Toxic Ships, Dying Workers 

by Laurie Kazan-Allen



News released last week by organizations nearly 5,000 miles apart confirm the existence and scale of an unfolding disaster in shipbreaking on tidal beaches in South Asia which accounted last year (2016) for 87% of all tonnage dismantled. Research by the Brussels-based NGO Shipbreaking Platform (the Platform) and the Bangladesh Occupational Safety, Health and Environment Foundation (OSHE) revealed multiple failures by the shipping industry to safely manage the disposal of end-of-life vessels and the deadly impact of hazardous working practices on the lives of shipbreaking workers. According to the Platform Director Patrizia Heidegger:

“A jaw-dropping 84% of all European end-of-life ships ended up in either India, Pakistan or Bangladesh. Beaching yards are not only well known for their failure to respect international environmental protection standards, but also for their disrespect of fundamental labour rights and international waste trade law. 1

Deaths and debilitating injuries at these unregulated workplaces are commonplace with explosions, fires and exposures to lethal substances such as lead, mercury, PCBs (polychlorinated biphenyls) and asbestos routine occurrences. Conditions in Bangladesh’s yards are “known to be the worst;” in 2016, 22 workers died with a further 29 suffering serious injuries


At a press conference in Dhaka on February 2, 2017, the OSHE issued the findings of an outreach program conducted at diagnosis camps in July 2016 and January 2017 to examine shipbreaking workers in Sitakunda, Chittagong district (see report: Asbestos Lung Disease Check-up Camps for Ship Breaking Workers in Bangladesh). Of the 101 workers assessed by the medical team of five doctors and three staff, 40 were diagnosed with asbestosis and six were designated as more than 60% disabled by the disease. Details of the medical tests conducted, the diagnostic criteria followed, the treatment plans proposed and the recommendations made were shared with journalists, many of whom reported on this program via English language and Bengali media outlets.2 The article headlined: “Govt urged to improve health facilities for shipbreaking workers” which appeared on February 3 was typical in reporting the call by Saki Rezwana, Chair of the OSHE, on the government to step up its care for shipbreaking workers by providing:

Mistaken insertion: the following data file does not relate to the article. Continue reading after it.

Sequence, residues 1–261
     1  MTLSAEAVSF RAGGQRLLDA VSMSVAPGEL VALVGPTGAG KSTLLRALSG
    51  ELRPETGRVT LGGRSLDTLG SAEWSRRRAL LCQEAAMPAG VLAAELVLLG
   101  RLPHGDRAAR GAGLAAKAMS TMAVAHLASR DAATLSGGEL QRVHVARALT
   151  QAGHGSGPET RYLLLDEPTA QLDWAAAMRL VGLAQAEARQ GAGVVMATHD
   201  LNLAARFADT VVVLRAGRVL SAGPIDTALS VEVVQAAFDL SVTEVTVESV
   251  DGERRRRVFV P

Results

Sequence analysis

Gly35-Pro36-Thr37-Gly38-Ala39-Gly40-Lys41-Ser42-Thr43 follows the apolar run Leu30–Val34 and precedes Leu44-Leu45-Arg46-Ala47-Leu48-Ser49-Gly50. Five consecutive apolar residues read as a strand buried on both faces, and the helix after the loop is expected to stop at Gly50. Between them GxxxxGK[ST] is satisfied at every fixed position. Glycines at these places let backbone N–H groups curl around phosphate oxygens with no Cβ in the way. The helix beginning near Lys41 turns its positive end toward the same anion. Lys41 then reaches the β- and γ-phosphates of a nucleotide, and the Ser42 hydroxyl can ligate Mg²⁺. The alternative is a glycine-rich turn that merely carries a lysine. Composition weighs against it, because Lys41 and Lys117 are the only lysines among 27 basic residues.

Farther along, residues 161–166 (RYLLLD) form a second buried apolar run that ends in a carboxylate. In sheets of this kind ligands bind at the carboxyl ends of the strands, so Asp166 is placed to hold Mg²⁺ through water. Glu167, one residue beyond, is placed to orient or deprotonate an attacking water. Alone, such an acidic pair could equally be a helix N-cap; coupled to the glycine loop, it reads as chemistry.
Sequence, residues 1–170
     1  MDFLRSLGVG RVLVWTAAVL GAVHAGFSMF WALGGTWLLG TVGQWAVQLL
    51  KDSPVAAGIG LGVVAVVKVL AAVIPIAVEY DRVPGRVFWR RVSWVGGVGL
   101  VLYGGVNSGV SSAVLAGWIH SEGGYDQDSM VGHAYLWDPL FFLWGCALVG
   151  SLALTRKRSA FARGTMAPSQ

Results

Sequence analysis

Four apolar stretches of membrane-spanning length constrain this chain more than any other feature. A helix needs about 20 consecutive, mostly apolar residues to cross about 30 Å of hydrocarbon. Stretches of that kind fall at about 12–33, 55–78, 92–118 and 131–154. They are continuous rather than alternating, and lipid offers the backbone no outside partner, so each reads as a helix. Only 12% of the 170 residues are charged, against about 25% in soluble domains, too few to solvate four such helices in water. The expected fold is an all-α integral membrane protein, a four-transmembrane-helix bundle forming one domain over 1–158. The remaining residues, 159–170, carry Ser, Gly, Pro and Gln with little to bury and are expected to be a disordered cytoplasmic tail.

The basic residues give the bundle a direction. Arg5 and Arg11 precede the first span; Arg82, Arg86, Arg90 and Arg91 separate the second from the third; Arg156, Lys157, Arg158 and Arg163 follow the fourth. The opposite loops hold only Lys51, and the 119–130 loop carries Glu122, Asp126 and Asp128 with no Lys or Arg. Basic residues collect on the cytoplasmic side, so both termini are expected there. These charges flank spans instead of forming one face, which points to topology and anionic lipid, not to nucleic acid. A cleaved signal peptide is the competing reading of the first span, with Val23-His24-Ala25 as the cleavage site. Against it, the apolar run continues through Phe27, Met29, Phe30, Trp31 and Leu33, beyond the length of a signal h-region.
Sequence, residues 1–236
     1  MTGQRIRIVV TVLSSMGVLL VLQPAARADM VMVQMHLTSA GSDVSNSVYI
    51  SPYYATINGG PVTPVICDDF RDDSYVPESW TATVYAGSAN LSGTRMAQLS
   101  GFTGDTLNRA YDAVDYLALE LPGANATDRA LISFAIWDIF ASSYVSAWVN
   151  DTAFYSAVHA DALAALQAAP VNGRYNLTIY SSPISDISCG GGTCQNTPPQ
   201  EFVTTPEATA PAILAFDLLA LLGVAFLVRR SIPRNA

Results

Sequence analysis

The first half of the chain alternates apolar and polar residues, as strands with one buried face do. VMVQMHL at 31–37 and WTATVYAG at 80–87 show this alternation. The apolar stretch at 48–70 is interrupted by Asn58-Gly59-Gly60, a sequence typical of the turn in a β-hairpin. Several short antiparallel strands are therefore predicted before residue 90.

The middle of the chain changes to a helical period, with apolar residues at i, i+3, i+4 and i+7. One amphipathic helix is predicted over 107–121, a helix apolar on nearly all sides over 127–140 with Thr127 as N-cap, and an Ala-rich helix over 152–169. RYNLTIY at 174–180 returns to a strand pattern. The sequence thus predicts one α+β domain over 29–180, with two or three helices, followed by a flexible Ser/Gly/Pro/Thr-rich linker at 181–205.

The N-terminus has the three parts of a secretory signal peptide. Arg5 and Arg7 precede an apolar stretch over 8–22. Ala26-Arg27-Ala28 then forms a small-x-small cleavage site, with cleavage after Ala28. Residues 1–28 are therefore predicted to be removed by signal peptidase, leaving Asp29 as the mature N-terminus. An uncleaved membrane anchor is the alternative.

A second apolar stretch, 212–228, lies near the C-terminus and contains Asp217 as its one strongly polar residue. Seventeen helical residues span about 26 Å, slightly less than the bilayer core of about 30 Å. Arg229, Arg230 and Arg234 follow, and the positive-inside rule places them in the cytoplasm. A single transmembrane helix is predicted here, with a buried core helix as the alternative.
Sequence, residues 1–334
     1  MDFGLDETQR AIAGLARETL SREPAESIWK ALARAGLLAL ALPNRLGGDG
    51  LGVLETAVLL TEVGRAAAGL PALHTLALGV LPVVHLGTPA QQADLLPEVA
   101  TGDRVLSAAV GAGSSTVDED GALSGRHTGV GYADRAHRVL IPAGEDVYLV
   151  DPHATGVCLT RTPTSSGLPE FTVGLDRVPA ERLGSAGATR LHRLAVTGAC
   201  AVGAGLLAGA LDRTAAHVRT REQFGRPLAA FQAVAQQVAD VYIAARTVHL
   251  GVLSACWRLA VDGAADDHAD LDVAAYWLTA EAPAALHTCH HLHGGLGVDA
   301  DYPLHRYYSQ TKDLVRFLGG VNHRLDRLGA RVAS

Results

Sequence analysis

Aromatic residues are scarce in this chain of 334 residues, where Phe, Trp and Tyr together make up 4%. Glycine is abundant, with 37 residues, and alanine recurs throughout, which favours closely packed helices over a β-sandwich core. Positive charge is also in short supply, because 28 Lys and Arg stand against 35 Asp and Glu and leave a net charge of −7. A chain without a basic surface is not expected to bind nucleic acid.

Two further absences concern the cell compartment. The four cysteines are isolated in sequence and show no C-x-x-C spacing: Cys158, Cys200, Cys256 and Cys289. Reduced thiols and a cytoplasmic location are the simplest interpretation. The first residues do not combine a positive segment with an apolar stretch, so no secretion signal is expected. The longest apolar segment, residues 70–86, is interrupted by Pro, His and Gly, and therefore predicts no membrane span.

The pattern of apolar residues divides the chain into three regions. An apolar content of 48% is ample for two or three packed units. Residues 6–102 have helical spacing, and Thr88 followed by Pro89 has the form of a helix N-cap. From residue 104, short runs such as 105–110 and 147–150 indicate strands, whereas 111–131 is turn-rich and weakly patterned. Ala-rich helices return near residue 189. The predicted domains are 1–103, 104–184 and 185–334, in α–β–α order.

“a dedicated occupational clinic… [to integrate] primary care based on OSHE model clinic for diagnosis and treatment of asbestosis amongst ship breakers. Government staff including doctors and nurses can be trained by doctors Shubro, Ahad and Murli. The logistics for this training can be arranged by OSHE.”

An article in the Dhaka Tribune on the same day focused on the lack of medical equipment and expertise for treating asbestosis in Bangladesh. According to one of the project’s medical experts Dr Faizul Ahsan Shubro the “Bangladesh Ship Breakers Association in Chittagong has no facilities for asbestosis treatment” despite the fact that ship-breaking workers are at high risk of contracting this disease.

At the Dhaka news conference, the OSHE reiterated its collaboration with trade unions and other partners in the campaign to ban asbestos in Bangladesh. The ubiquity of asbestos-containing products on ships now being scrapped also makes this a high priority issue for Platform Director Patrizia Heidegger who said in an interview on February 6:

“The fact that asbestos has been widely used in shipbuilding is no secret. The shipbreaking yards in Bangladesh and elsewhere are knowingly exposing their workers to the hazard. There is no proper identification of the dangerous material when the ships are imported into Bangladesh with fake certificates claiming the ships are free of hazardous waste. Workers remove and handle asbestos-containing materials with no knowledge of the health risk involved. Furthermore, there is no landfill to dispose of asbestos so the removed materials are either dumped or re-sold exposing also local communities to the danger. This is a scandal and the Government must finally crack down on this malpractice.”

February 7, 2017


1 Press Release. Platform Publishes List of Ships Dismantled Worldwide in 2016. February 1, 2017.

2 Govt urged to improve health facilities for shipbreaking workers. February 3, 2017
Mahmud T. Asbestos: The slow poison killing ship-breaking workers. February 3, 2017.
Also see reports in Bengali:



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